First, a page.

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What Is In That Release You Signed? Part 2

by Scott J. Burnham |  Published: May 17, 2023


Last issue we started to review the release that players sign in order to play in WSOP events. Since nobody actually reads these forms, I thought I would look it over. Let’s continue breaking down the release, section by section.

Paragraph 7 is captioned “Confidentiality.” It begins by stating that “Player shall treat all information and material received or acquired during participation in the WSOP events, including without limitation, WSOP event outcomes … as strictly confidential and shall not disclose any such information to any third party for a period of three (3) years from the conclusion of the WSOP events.”

Does that mean if you win a bracelet, you can’t tell anyone for three years? Yes, that is exactly what it means. But wait, there’s more! There follows a bunch of exceptions, including allowing you to disclose information that is disclosed by Caesars or by anyone else who had authority to disclose it. So you can safely disclose the fact that you won a bracelet since Caesars also discloses it.

You are also prohibited from disclosing trade secrets of Caesars. Does this entire provision make any sense? Not really. Confidential information probably includes things like how much money Caesars takes in from various WSOP activities and how they spend it, but this information is more likely acquired by employees rather than by players. So my guess is that this is a provision that really belongs in an employment contract and the lawyers are being overly cautious – which the lawyers would probably say is a virtue.

Paragraph 8 is captioned “Personal Information.” Unless you have been asleep for the last 20 years, you are undoubtedly aware that when you visit a website, or when you use a players card such as Caesars Rewards, at a casino, they are acquiring a great deal of information about you. This provision directs you to to find a statement of their privacy policy.

Even if you have been awake, you might be shocked to see the kinds of information they acquire and who they can share it with. This provision also tells you that you have various rights, including the right to obtain a copy of all the information they obtained about you in the past year and the right to prevent the information from being sold to third parties. Supposedly you can exercise those rights by going to, but it isn’t easy.

When I went to that address, I found that if I scrolled down there were links that said, “Do Not Sell or Share My Personal Information” and “Limit the Use of My Sensitive Personal Information,” but these links did not work. However, after I logged in and went to “My Rewards,” the links became activated. Even then, you can’t open the links until you first submit a Privacy Request Form and they determine that you are qualified to make the request.

Paragraph 9, “Waiver, Release, and Hold Harmless,” is something you have seen before if you have engaged in a dangerous activity like bungee-jumping, horseback riding, or parasailing. You agree that even if the party offering the activity acts negligently, you will not sue them. As a general rule, these so-called “exculpatory clauses” are enforceable if the activity is in an area of private interest, but they are not enforceable in an area of public interest such as health, transportation, or housing.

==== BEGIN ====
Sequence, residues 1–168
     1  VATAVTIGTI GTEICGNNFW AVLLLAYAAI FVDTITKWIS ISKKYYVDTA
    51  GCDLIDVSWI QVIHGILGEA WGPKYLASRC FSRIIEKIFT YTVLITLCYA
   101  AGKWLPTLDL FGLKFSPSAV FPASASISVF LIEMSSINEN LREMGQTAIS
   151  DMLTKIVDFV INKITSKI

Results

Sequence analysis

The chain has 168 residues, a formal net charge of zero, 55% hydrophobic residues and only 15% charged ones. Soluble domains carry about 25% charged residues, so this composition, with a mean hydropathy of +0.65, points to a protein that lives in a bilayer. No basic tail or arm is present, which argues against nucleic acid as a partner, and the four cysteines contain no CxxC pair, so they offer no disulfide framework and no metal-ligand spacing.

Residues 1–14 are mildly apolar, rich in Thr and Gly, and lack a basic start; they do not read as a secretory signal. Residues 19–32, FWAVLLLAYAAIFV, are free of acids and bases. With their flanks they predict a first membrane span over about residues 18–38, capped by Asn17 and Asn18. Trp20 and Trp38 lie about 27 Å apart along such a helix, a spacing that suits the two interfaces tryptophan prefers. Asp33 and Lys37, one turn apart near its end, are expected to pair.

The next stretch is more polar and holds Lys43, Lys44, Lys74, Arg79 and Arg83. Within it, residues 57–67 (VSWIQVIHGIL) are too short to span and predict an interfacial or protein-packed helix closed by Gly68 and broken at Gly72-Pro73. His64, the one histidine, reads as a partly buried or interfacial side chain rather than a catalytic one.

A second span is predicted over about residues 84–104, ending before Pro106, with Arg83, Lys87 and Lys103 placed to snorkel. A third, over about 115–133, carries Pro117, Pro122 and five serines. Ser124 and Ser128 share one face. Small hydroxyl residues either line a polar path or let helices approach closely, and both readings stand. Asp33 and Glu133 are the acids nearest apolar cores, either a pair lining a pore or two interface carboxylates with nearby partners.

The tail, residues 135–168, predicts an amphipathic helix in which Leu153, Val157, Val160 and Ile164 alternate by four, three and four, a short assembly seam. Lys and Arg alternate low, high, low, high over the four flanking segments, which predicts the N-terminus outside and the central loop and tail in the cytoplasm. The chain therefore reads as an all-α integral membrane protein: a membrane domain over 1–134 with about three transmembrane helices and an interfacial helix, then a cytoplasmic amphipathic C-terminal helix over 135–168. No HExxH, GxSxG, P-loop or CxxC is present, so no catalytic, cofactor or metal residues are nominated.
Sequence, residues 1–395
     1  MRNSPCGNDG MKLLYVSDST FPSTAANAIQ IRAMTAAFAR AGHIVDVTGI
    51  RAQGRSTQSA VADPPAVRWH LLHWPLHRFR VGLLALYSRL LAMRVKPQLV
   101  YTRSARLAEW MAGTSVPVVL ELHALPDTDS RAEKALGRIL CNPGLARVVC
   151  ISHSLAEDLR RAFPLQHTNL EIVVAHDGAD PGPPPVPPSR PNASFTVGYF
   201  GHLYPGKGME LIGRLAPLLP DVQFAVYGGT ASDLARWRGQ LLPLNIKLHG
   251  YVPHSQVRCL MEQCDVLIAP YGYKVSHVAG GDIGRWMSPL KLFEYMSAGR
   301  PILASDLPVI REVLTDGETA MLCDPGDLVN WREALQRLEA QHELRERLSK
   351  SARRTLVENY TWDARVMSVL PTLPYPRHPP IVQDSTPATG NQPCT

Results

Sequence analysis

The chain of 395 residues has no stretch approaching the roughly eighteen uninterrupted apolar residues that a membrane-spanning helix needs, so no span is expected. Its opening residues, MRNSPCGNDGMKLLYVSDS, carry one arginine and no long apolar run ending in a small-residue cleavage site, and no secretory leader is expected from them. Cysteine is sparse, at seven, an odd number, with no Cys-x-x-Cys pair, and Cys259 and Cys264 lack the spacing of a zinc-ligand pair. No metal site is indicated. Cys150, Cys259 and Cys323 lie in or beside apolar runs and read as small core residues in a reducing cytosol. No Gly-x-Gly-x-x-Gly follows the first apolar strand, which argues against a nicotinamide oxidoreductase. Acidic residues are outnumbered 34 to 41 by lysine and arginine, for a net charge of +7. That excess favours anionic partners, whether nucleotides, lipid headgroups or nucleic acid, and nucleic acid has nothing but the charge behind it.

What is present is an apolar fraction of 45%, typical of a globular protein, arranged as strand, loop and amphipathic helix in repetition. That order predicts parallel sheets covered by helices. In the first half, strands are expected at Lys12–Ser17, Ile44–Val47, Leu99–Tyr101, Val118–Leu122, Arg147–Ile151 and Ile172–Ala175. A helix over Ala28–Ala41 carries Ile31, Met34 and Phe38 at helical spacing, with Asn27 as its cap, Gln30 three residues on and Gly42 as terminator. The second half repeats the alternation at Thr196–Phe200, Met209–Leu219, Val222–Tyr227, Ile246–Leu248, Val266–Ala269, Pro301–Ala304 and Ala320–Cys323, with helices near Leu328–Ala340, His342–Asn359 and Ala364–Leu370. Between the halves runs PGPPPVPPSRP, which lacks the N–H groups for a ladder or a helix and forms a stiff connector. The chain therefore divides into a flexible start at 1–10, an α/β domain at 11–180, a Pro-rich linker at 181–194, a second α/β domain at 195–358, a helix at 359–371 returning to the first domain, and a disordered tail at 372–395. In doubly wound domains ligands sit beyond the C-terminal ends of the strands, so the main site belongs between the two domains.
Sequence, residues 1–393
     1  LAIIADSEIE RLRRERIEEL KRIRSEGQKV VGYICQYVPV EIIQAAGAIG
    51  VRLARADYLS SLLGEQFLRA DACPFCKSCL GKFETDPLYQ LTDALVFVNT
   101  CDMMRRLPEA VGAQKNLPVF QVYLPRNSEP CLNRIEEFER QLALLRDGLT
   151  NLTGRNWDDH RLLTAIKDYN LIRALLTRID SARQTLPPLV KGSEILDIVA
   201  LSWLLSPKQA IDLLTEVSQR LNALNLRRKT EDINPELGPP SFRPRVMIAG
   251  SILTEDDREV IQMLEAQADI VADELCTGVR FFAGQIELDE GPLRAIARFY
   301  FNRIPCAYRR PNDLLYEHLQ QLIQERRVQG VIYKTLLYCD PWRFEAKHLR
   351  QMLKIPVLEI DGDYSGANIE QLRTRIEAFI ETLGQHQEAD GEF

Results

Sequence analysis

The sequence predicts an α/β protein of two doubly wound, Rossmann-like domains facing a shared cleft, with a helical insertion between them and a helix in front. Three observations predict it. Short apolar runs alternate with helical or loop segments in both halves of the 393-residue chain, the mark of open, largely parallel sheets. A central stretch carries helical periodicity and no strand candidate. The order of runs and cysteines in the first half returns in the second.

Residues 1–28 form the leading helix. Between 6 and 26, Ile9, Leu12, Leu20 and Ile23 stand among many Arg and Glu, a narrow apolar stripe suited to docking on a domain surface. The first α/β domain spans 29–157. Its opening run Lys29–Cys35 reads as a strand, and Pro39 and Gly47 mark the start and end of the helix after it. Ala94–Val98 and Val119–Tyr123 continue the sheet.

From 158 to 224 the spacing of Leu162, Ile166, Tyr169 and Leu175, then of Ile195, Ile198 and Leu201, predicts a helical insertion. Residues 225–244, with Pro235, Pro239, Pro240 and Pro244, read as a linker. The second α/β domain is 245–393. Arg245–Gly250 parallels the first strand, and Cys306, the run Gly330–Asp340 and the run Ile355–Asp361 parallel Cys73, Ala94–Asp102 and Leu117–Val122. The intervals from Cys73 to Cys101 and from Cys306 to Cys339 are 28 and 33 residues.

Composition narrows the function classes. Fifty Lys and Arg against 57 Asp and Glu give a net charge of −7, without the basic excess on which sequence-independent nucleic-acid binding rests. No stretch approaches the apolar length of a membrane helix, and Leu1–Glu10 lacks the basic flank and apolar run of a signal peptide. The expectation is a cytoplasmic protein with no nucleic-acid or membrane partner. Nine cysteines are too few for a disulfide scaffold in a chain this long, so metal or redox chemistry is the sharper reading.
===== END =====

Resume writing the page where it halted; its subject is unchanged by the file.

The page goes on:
I will leave it to your lawyer to determine which area poker playing falls into, but my guess is that you would be out of luck. On the other hand, the release is only effective in the event of what is called simple or ordinary negligence. If you are injured because they acted really badly or intentionally, like if they took you into the back room where the vise is located, you (or your heirs) would still have a claim.

The last long provision, unhelpfully though accurately captioned “Miscellaneous,” contains a laundry list of unrelated items. These are the “boilerplate” provisions that are found in nearly every contract. By saying that, I don’t mean to diminish their importance, so let’s get started on figuring out what they mean.

The first sentence makes clear that while they have the right to use your appearance in the media or promotions, they do not have the obligation to do so. Just because you enter the main event does not guarantee that your local poker group will see you on TV. The next sentence gives Caesars (but not you) the right to transfer the rights under this agreement to a third party. So if they should sell the rights to the WSOP, this agreement could be enforced against you by the new owners.

Next comes what is called a merger clause. Under the so-called “parol evidence rule” once the parties to an agreement have reduced it to writing and signed it, if they intend it to be their final and complete agreement, then evidence of anything anyone said before the signing can’t be offered into evidence as part of the agreement. The merger clause makes clear that that was your intent. That is why you have to be careful when a seller makes promises or representations about something they are selling you.
If what they say does not end up in the written agreement, you will probably be out of luck. Because of the parol evidence rule, it is not part of the agreement.

There is a moment at the end of the under-appreciated movie The Founder, when Ray Kroc is buying out the McDonald brothers and tells them, just before they sign the contract, “I promise to also pay you 1% of the company’s profits. My investors didn’t want me to put that in the agreement, but you’ve got my word on it.” No spoiler here about whether or not they got it.

We will finish our examination of this document in the next column. ♠

Scott J. Burnham is Professor Emeritus at Gonzaga University School of Law in Spokane, Washington. He can be reached at